For the last couple of months, I’ve been slaving away at painting Almoravids and Christians for my medieval Spain project. I’ve also read the Hail Caesar rulebook and liked it a lot as a book – the laid back approach suits our own style of wargaming. But how would they actually play? Last weekend it was time for a first game.
We decided to play with only one division per player. I took the Almoravids with two units of their trademark ‘phalanx’ and one of swordsmen, one unit of light cavalry and one of tribal skirmisher archers. K. got the Aragonese with two units of heavy cavalry, one of light cavalry, one of crossbows and some skirmishers. I also put all the terrain I’ve made so far on the table. However, we decided to declare all terrain impassable for this game so as to concentrate on learning the game mechanics. We also left out the special rules for commanders.
The game started with the Aragonese advancing at a steady pace while the Almoravid infantry stood rooted to the ground. When I read the rules, I didn’t imagine that the orders mechanics could be that harsh! However, we liked the orders a lot, they helped to create the chaos and confusion we enjoy so much in our games.
On the left flank, our light cavalry units charged each other and we could experience our first melee. This was a rather short experience for K., whose horsemen were broken by my stout warriors! Meanwhile, in the centre, things weren’t going better for her: When her knights heard the sound of the Almoravid drums, they lost nerve and decided to get out of earshot – K. rolled a blunder and had to make an uncontrolled retreat.
Rubbing my hands, I already saw my light cavalry flanking her line, but – alas! – another blunder led them to mill about without aim. K. quickly redirected her crossbowmen to this flank and harassed my light cavalry until they were shaken and more or less out of the game.
She also managed to reorder her ranks and convince the heavy cavalry to finally charge my line.
One of her units charged into the phalanx, which had the ‘Long Spear’ special rule, forcing her to test against becoming disordered. This she prevented, but the knights also lost their charge bonus, making them fare not too well in melee. Her other unit of knights however charged my swordmen, who couldn’t withstand the attack for long and broke. With a sweeping advance, the knights folded my flank!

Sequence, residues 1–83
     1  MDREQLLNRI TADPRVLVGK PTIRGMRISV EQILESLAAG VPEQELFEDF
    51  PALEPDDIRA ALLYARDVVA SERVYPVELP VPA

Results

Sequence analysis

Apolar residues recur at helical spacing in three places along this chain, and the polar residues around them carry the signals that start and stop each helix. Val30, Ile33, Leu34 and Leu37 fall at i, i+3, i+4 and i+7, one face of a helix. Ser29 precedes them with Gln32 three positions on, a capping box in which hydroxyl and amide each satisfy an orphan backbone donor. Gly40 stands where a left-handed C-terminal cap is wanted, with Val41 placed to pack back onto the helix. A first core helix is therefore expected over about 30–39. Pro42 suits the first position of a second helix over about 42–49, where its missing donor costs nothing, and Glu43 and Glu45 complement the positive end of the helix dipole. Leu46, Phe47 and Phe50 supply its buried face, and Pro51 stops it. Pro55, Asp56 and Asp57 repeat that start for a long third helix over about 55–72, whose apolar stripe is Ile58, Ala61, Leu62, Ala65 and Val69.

Angrily, my last remaining unit of spears charged forward into the crossbowmen, which were about to return to the centre. They won melee but were now in a very unfortunate position, anxiously listening to the sound of hooves at their back…
At this point we called it a day. Half of my division’s units were broken or shaken, so according to the rules my division counted as broken and would have to retreat. A victory for K. and her Aragonese knights!
When we talked about the game we both concluded that we liked it very much – in fact, I liked it better than I would have thought. We especially found the command and control mechanics and the quick and easy combat resolution appealing. We played for less than three hours, and that included setting up the stuff, explaining the rules to K. and looking up all kinds of things in between. It also looks like Hail Caesar lends itself very well to scenarios, which is important for us, as we prefer scenario-based gaming.
By the way, I didn’t use the official army book for force composition – the unit stats are based on what my research yielded plus some artistic licenses to make for an exciting game. I was anxious if the ‘Long Spears’ special rule would be too powerful for the Almoravid phalanx, but I wanted to make a direct charge risky. Historically, charging them frontally almost always led to tears, as Alfonso VI. can attest. In any way, it worked well in our game and K. broke through at the weakest part of my line when she charged the swordsmen.
I’m happy to say that Hail Caesar exceeded my expectations. The first game was a blast and we are looking forward to many more.